Physical problems: Make sure your child has a current physical; be sure there isn’t a medical cause for your child’s challenges. Children who have frequent illnesses, allergies, and poor eating or sleeping habits are likely to have concomitant learning challenges. In that case, teachers may notice that your child is lethargic, seems tired, or falls asleep in class.
Learning problems: If none these factors seem to be the root of your child’s learning challenges, it is well advised to talk with his or her teacher and school team about your concerns. Ask whether learning problems are evident in your child’s thinking and reasoning abilities, reading, writing, or math skills. If so, your school can evaluate these areas to determine if your child has a learning disability.
If you don’t get the support you want from your child’s school, consider seeking a private evaluation to see how your child is doing cognitively and academically, with a focus on social-emotional development.
Positive behavior: If your child does not have any disabilities that are impacting learning, supportive strategies can be employed at home. For example, you may work to develop age-appropriate and meaningful rewards.
Meet with the teacher for your elementary school-aged child and determine what rewards and motivators are present in school. Set up a simple reward system at home with privileges or treats earned with effort, such as listening to the teacher and completing assignments. This system should not be grade-based but effort-based.
Motivation: Although reward systems are generally helpful, it is important to remember what is at the heart of motivation: autonomy (choice). That is, although we can garner compliance through the use of reward systems, it is important to work hard to find intrinsic motivators that already exist within your child.
Entire books are dedicated to the subject of motivation, but we will skip to the punchline here. The way to create conditions that motivate our kids is to ensure the child has: autonomy, competence, and positive relationships.
- Autonomy: Maybe your child does not want to do it your way. Allow your child to choose the times of day to study, the topics to research, and the approach to assignments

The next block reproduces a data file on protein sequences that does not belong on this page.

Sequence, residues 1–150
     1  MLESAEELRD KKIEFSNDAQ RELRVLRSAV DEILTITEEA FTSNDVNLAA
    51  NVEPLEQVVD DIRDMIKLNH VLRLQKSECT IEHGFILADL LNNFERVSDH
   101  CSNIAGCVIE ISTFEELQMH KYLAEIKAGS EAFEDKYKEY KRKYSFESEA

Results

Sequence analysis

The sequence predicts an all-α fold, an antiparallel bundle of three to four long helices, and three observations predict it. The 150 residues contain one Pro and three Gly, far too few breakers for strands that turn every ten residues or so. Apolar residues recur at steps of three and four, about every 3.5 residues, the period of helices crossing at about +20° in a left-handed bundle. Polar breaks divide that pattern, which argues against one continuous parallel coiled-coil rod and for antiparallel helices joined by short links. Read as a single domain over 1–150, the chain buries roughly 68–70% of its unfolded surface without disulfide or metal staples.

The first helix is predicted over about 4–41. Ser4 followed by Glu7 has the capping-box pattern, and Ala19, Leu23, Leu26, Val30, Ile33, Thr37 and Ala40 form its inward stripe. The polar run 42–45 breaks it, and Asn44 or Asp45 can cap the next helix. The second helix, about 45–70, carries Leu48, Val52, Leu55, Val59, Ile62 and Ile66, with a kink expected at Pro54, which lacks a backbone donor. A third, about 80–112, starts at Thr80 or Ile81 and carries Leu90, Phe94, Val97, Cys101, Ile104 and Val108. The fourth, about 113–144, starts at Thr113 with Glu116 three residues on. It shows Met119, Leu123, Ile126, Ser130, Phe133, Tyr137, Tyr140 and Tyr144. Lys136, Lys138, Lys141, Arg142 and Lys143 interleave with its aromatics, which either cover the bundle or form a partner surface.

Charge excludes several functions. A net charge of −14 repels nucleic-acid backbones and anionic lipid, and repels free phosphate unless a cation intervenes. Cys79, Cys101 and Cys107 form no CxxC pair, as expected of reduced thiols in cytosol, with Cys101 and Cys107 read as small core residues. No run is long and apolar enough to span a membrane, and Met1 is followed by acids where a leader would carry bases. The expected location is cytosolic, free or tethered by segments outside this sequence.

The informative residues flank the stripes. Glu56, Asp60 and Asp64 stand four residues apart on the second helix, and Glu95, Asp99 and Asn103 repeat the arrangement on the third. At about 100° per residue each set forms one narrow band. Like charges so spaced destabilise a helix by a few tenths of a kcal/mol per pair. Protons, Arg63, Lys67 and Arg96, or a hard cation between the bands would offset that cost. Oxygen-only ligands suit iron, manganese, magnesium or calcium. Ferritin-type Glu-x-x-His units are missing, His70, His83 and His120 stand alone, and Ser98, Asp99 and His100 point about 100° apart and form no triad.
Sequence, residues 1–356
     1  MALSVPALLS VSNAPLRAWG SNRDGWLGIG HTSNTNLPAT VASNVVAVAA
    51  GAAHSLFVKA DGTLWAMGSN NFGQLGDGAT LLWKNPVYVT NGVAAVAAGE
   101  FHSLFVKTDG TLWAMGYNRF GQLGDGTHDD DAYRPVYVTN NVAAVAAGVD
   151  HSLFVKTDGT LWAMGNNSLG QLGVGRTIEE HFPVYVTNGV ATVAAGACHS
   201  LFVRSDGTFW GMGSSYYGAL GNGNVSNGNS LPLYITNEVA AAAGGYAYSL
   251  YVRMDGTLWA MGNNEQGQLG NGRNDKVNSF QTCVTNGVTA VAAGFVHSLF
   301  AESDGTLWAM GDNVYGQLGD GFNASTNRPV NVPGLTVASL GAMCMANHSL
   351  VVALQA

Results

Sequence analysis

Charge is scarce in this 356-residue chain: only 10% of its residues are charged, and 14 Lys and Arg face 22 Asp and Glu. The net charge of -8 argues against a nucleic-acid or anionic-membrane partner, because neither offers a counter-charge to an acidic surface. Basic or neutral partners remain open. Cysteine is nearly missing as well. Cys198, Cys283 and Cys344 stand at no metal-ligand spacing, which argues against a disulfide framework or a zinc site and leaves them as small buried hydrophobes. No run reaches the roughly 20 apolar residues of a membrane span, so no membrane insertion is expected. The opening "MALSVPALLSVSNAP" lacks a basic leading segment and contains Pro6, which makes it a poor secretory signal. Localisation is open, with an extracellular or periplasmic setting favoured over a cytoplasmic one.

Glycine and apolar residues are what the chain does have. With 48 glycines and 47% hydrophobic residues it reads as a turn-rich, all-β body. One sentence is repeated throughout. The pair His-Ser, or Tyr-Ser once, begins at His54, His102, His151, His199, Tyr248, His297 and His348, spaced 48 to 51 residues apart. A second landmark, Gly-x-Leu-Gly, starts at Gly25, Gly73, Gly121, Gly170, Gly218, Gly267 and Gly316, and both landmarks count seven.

- Competence: Individuals maintain motivation when they feel that they can do the task
- Relationships: Individuals feel more motivated when they feel good about their relationship with the people involved in the activity. Your relationship with your child is the foundation that will guide him or her through these challenges at school. Make time each day to talk and do something fun that your child enjoys, regardless of what happened at school.
How can Clear Child Psychology help with Achievement?
We Help You, Immediately
Our Free Discovery Session is a 20-minute consultation where we can talk one-on-one about the concerns and questions you have about your child.
We Help Determine Next Steps
Our Initial Consultation allows us to get a deeper understanding of your child’s needs and determine if an assessment is appropriate.
We Build a Customized Plan
Our Assessments allow us to determine your child’s specific strengths and challenges. We can use this information to develop a customized support plan which includes: referrals
We Connect you with the Right Professionals
Once we understand your child’s needs, we will help families get connected to the right specialists. No more guesswork, no more wasted time and resources.
We Provide Ongoing Coaching and Support
Our Coaching Packages allow us to continually support families as they continue their journeys. Parental coaching, life-skills practice, and school advocacy are just a few examples of ways we help.